Island-Hopping In The Okavango Delta

The Okavango Delta could be called “the Venice of Africa,” due to its thousands of narrow canals opening up to large open water masses. However, that is about the only thing they have in common — that, and possibly the precarious boat drivers.

okavango delta lily

Okavango Delta lilies (photo by Bridget Williamson)

The Okavango Delta has two sides to it. On the one hand complete peace and tranquility comes with the quietness of the waterways, the cry of the fish eagle and the floating water lilies. But beneath the seemingly calm and peaceful water lies four-meter-long crocodiles and more hippos than you could ever imagine. Not to forget the fact that an elephant might pop out of one of the side canals right next to your boat at any moment. This is the Okavango Delta – home to some pretty wild animals.

Whizzing through the canals on the Delta is a most breath-taking and thrilling experience. The absolute pure beauty and raw wildlife surrounding you is something that will forever stick in your memory.

Hippo in the Okavango Delta

Hippo in the Okavango Delta (photo by Bridget Williamson)

The best way to truly experience the Okavango Delta is to really get in and explore the more ‘off-the-beaten-track’ places. There are a few islands around the Delta that are private concession areas in which visitors can spend the night. Sleeping on an island means that you are completely surrounded by the wildlife; like most camps in Botswana they are completely open and unfenced so animals roam freely. You could wake up to hippos snorting in the water just next to the island, or the loud splashing of a family of elephants making their way onto land, or just the peaceful sounds of birds chirping.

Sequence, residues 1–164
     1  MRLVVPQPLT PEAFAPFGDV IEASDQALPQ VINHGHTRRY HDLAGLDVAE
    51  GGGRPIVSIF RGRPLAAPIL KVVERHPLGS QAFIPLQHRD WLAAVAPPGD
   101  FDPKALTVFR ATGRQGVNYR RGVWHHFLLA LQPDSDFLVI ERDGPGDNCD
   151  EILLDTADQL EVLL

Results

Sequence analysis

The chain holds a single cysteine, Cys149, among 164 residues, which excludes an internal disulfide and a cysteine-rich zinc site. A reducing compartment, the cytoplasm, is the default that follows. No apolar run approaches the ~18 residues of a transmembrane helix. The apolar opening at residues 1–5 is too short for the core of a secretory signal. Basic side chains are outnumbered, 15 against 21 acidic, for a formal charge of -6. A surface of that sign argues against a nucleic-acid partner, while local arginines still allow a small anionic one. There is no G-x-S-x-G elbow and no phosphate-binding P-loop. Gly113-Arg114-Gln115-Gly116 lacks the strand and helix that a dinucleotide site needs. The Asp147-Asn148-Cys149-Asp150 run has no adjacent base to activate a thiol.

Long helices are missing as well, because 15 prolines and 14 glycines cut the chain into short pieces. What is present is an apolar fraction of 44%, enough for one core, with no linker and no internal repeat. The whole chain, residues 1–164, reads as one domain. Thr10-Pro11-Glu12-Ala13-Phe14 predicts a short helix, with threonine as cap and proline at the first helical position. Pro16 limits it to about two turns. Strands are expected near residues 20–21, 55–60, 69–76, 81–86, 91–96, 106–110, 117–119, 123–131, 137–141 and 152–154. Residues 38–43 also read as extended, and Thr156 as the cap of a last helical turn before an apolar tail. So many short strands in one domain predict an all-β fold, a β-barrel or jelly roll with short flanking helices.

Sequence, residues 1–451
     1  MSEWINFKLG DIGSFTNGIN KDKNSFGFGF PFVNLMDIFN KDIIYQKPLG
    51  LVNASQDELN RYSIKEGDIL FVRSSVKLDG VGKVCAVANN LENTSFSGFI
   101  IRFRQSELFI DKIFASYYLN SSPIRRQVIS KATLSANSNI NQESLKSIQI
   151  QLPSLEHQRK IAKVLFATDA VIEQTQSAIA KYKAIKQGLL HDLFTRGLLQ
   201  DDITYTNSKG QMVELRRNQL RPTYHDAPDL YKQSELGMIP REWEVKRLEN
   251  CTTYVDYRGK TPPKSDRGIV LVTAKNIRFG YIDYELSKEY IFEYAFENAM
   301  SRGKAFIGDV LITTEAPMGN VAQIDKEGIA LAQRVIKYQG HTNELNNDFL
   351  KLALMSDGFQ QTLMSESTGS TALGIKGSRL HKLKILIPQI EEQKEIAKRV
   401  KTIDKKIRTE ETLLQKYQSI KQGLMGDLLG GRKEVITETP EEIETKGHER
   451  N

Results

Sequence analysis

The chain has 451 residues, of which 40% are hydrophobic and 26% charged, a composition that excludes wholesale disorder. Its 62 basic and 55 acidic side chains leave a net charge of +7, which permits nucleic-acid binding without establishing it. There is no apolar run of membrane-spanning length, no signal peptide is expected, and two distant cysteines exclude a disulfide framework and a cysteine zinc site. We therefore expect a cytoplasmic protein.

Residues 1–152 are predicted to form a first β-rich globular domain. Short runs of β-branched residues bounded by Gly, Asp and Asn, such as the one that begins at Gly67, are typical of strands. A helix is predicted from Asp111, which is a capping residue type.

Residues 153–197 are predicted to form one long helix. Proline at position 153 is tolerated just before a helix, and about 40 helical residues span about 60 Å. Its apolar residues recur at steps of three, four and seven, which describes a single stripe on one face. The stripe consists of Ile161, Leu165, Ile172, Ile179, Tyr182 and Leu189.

All of the island lodges offer game drives and cruises, ensuring that you experience the best that there is to offer of the Delta. Cruising along the vast open water and through the narrow canals spotting birds, hippos, elephants and occasionally a croc is probably one of the more adventurous safaris that you’ll experience. A sunrise or sunset cruise is the perfect start or end to a day – who wouldn’t want to enjoy a sundowner while on a boat in the middle of the Okavango Delta with hippos bobbing up around you and a fish eagle flying over head?

Here are a few island accommodation spots to choose from:

Sanctuary Chief’s Camp

Chief’s Island is in the very centre of the Okavango Delta and one of its largest islands, the island is part of the Moremi Game Reserve. You can stay over at the luxurious Sanctuary Chief’s Camp in one of the twelve suites burrowed in a jackalberry and sausage tree woodland. Each suite has its own spacious seating area and private viewing deck overlooking the flood plains of the Delta.

Xugana Island Lodge

Xugana Island Lodge is situated along Xugana Lagoon, which is widely recognised as the most spectacular permanent water site in the entire Okavango Delta. The lodge accommodates 16 guests, offering a private and specialised experience. The thatched chalets all face the lagoon and have their own private viewing decks, strategically placed on the shaded side of the island. Xugana Island Lodge is run by Desert and Delta Safaris.